Tuesday, August 16, 2011

Warren Buffett's Missing Facts and $3,000 Gallon of Milk

The antipopulist.com has great admiration for Warren Buffett, but we take issue with the completeness of his high profile op-ed in Sunday’s New York Times. After reading the headline, we immediately knew that it would be latched onto by President Obama and the media, and posted as a link 4,354 times on our Facebook and Twitter accounts as a “we told you so” for increased taxes on “millionaires and billionaires.”

We’re not even close to being affected by Mr. Buffett’s proposal, and are not opposed to increased tax revenue if done in a responsible and balanced manner, but it’s important to keep this issue in perspective.

Higher taxes on 0.2% of the population is a lazy and populist political solution to a major and complex fiscal problem.  As we’ve mentioned before, these taxes would have a limited impact on the deficit and only serve to distract from the real cuts and reforms required to reduce long-term deficits.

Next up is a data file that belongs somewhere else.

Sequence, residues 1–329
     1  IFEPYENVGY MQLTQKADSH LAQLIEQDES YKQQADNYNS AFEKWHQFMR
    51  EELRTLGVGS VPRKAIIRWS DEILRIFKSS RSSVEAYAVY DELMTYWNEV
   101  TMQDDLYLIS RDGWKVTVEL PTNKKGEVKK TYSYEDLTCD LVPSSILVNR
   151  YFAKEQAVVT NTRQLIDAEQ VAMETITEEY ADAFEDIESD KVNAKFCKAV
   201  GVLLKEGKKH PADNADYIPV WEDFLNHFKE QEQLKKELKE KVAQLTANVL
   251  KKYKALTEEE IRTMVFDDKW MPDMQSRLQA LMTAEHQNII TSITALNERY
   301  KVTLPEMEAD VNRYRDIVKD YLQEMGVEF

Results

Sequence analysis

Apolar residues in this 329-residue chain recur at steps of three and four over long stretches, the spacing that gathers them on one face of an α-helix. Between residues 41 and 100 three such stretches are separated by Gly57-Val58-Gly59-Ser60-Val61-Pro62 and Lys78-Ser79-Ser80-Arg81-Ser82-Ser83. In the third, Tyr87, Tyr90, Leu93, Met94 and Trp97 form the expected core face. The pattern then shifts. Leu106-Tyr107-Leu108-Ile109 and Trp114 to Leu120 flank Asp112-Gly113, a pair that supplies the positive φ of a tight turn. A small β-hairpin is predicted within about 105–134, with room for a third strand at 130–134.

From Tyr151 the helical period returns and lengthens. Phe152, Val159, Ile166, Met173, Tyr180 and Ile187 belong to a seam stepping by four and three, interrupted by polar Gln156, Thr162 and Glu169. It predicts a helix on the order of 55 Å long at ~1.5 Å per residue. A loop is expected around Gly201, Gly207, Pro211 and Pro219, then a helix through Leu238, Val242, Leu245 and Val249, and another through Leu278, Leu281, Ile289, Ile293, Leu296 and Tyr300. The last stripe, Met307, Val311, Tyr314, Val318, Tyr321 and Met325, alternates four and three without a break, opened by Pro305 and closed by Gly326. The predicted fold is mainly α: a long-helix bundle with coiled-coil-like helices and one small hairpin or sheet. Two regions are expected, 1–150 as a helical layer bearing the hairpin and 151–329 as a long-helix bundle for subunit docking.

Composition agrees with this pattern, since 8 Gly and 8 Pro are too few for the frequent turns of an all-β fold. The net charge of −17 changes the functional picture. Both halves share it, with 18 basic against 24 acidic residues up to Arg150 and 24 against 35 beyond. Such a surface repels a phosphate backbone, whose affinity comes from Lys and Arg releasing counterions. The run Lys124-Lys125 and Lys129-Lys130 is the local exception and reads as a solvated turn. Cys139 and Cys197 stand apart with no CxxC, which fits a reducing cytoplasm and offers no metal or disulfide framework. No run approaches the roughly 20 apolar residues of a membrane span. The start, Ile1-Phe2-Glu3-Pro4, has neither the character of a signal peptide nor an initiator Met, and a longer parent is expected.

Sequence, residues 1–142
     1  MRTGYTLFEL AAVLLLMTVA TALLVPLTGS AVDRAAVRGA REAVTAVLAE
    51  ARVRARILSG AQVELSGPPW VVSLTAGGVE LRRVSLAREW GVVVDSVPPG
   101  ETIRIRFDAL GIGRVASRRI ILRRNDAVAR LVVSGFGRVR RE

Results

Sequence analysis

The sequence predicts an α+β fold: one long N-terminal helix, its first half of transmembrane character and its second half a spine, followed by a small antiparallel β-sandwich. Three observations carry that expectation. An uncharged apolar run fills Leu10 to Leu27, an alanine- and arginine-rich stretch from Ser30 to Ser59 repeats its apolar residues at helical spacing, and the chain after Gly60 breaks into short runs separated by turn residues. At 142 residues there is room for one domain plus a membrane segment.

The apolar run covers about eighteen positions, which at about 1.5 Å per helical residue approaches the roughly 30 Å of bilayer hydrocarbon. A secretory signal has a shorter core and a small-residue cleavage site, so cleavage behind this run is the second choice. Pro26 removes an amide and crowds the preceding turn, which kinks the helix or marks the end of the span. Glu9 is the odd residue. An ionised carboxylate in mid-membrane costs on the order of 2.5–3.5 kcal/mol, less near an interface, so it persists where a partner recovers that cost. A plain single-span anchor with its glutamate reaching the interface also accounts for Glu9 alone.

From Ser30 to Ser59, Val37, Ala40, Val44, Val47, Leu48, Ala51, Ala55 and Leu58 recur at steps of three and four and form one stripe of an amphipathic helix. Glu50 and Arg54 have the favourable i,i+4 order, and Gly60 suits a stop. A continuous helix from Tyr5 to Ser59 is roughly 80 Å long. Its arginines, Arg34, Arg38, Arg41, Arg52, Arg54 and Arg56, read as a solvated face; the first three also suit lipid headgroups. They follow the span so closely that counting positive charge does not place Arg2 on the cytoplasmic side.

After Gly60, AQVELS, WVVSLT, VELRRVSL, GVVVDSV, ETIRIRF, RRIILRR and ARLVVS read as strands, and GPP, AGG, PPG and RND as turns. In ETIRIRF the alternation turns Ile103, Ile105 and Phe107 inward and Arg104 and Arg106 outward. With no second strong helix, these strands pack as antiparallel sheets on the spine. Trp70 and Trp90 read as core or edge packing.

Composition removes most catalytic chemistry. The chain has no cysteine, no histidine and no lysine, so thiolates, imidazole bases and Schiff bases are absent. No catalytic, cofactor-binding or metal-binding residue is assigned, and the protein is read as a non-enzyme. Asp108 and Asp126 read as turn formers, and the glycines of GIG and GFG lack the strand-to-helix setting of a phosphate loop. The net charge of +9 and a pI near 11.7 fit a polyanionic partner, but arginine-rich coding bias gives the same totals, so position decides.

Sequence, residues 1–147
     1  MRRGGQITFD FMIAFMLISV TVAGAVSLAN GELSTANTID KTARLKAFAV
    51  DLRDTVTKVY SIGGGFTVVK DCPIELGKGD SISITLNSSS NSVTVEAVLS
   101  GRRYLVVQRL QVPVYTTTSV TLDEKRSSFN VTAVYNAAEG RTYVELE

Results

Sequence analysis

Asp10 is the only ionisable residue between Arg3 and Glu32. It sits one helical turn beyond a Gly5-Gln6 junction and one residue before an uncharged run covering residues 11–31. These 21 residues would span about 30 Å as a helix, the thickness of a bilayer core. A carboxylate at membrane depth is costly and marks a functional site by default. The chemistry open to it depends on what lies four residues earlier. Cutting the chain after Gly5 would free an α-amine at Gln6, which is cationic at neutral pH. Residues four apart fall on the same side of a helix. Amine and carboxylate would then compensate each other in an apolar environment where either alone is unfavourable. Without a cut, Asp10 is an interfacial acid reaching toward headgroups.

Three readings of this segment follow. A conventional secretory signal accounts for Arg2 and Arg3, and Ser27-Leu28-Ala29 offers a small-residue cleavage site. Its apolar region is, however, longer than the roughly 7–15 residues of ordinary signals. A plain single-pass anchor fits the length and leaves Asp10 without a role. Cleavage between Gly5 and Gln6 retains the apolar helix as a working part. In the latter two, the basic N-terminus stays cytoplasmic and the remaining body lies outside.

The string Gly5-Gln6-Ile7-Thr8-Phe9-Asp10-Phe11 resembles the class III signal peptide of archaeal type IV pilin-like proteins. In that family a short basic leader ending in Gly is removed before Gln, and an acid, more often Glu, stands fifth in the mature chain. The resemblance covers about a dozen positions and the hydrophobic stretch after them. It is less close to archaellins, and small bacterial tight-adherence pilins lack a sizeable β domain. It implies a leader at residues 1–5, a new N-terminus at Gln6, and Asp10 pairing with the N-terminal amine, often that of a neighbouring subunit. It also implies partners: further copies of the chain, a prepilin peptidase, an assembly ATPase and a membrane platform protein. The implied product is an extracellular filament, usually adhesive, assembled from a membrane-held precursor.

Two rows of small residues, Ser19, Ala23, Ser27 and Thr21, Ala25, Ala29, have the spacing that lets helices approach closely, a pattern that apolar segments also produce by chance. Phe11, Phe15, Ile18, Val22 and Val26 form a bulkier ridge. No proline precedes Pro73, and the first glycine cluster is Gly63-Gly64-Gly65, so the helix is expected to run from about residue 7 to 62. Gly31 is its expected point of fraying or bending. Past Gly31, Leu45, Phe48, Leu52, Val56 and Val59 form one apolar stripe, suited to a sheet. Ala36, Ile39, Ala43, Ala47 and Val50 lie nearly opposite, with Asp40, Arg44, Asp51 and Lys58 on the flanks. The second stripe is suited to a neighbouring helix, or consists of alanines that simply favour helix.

To help complete the analysis, here are some key points, derived from IRS data (i.e. cold hard facts), that everyone needs to keep in mind when referencing Mr. Buffett’s piece - points that you are unlikely to see in other media stories or populist rhetoric on TV:

  • The 245,107 households that earned more than $1 million make up roughly 0.2% of total tax returns filed, yet provide roughly 28% of total income taxes paid into the US Treasury. These taxes were paid on earnings that amount to 15% of total adjusted gross income (AGI). 0.2% of the population making 15% of total AGI is stunning, but having that same 0.2% pay 28% of the total tax bill is even more stunning, especially when the current political argument for higher taxes for “millionaires and billionaires” is made under the guise of “fairness.”